In response to a recent letter published in several New Hampshire newspapers regarding the proposed ski area expansion at Mount Sunapee State Park, we share this response from a Goshen resident, who wrote:
1. To frame the issue as either “expand or perish” is inaccurate. The current operators of the ski area have provided quality skiing for years now, and will continue to, with or without the proposed expansion. In fact, the resort operators have a large number of “improvement projects” already planned and approved for the existing ski area, that have not been implemented. If improvements are so critical to their success, it would make sense to complete approved projects before proposing a large expansion.
2. On the issue of old growth forest: Yes, New Hampshire is a heavily forested state. In general, well planned forestry operations pose no threat to the viability of the region’s forests. What the writer fails to understand is that 99% of the region’s forests have been cutover two or more times since European settlement. Old growth forest, such as what is found in Mount Sunapee State Park, has never been logged and is extremely rare, constituting less than one percent of existing forest. The mosaic of old growth forest in the park is the largest of its type in Merrimack County, and likely the largest in the state south of the White Mountains.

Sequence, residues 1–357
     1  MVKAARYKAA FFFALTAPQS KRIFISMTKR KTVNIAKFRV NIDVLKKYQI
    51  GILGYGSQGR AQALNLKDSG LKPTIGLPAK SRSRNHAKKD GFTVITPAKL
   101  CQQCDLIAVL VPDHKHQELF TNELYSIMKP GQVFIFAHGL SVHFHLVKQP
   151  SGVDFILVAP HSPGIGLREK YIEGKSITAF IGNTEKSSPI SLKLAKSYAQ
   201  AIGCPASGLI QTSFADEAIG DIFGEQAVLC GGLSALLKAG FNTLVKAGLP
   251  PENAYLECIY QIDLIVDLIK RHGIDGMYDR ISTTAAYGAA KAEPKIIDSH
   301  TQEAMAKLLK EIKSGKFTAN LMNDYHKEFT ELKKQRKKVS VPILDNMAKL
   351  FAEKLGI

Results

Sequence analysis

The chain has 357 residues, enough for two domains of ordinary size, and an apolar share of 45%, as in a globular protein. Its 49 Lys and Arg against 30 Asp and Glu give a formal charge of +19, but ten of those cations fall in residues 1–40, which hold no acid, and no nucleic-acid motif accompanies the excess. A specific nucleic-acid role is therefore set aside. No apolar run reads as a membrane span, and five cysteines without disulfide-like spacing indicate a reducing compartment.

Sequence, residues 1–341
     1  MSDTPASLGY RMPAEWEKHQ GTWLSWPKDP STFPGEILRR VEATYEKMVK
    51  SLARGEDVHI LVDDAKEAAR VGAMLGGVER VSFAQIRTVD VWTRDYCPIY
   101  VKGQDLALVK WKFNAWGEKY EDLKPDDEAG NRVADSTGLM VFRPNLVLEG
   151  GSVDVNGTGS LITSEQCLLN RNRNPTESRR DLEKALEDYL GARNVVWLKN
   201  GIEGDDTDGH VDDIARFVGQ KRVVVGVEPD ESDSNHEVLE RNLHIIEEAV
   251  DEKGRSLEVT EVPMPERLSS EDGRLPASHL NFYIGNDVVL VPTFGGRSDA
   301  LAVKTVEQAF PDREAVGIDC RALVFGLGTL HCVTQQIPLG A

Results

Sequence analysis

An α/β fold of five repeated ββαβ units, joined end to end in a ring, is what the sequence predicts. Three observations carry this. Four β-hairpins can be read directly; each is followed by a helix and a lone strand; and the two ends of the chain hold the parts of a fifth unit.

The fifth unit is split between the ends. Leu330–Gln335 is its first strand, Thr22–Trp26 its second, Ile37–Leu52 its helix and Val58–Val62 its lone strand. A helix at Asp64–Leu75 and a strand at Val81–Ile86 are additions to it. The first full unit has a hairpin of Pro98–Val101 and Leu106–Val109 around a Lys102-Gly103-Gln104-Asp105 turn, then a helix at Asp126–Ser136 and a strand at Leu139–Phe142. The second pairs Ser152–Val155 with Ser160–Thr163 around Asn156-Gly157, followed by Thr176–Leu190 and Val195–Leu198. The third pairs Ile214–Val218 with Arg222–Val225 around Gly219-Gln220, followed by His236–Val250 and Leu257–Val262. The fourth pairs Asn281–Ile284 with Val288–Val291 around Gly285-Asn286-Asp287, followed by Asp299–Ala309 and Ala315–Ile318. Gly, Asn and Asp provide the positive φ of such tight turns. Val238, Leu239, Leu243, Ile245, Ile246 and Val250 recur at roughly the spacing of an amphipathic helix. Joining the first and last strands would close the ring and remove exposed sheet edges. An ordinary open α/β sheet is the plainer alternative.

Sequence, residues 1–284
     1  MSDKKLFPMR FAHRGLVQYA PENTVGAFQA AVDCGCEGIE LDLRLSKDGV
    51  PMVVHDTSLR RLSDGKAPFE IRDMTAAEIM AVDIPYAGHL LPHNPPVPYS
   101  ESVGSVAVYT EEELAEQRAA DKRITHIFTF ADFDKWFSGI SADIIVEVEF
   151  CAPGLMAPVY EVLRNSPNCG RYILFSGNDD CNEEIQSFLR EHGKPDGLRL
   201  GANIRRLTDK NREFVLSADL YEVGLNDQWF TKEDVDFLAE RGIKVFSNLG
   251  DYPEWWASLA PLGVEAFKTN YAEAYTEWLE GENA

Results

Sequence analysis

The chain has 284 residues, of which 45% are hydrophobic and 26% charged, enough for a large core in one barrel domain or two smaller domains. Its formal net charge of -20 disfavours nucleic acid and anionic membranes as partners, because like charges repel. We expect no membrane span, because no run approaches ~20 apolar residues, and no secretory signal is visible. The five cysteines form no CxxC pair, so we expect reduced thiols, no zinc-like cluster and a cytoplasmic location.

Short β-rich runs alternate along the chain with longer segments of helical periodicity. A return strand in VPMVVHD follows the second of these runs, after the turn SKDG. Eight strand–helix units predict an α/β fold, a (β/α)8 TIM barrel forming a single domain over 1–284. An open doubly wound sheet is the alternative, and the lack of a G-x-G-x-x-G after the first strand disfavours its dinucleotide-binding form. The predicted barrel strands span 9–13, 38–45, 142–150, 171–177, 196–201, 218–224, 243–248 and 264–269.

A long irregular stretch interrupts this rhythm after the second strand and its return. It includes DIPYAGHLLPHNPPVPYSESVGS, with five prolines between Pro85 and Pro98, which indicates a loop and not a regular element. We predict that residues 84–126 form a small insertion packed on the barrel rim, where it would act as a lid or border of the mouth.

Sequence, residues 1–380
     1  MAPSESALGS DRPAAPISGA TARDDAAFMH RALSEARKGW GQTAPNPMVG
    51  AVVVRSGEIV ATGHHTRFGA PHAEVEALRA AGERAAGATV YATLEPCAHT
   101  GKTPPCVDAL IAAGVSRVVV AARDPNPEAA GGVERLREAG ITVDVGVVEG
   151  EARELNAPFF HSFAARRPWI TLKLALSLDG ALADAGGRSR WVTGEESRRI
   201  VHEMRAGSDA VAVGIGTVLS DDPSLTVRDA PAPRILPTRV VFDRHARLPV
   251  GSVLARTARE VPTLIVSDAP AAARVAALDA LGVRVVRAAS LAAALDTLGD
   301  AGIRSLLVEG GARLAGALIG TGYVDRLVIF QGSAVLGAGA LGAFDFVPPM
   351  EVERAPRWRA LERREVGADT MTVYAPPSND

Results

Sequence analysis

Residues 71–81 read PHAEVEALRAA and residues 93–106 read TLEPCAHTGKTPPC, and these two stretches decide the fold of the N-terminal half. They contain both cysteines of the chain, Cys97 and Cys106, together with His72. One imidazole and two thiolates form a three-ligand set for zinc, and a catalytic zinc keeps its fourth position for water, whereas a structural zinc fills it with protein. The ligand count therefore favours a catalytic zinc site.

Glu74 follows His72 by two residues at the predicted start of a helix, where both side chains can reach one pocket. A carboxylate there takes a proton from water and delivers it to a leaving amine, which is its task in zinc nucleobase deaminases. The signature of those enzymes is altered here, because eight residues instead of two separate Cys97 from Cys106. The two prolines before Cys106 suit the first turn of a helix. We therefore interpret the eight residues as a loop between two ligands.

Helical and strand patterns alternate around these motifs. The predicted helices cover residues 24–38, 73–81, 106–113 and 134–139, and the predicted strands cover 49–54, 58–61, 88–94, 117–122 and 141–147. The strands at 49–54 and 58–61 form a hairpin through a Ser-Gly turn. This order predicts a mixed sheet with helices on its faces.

In addition, the undeveloped west flank of Mount Sunapee is the northern end of the Pillsbury-Sunapee Highlands, an unfragmented forest block that has been recognized by state wildlife officials as critical habitat and an important travel corridor for large mammals such as moose, black bear, and bobcat.The disturbance caused by the construction of proposed ski infrastructure (parking lots, snow making and grooming, ski lifts, sewage disposal areas, concessions, etc.) would greatly diminish the value of this habitat.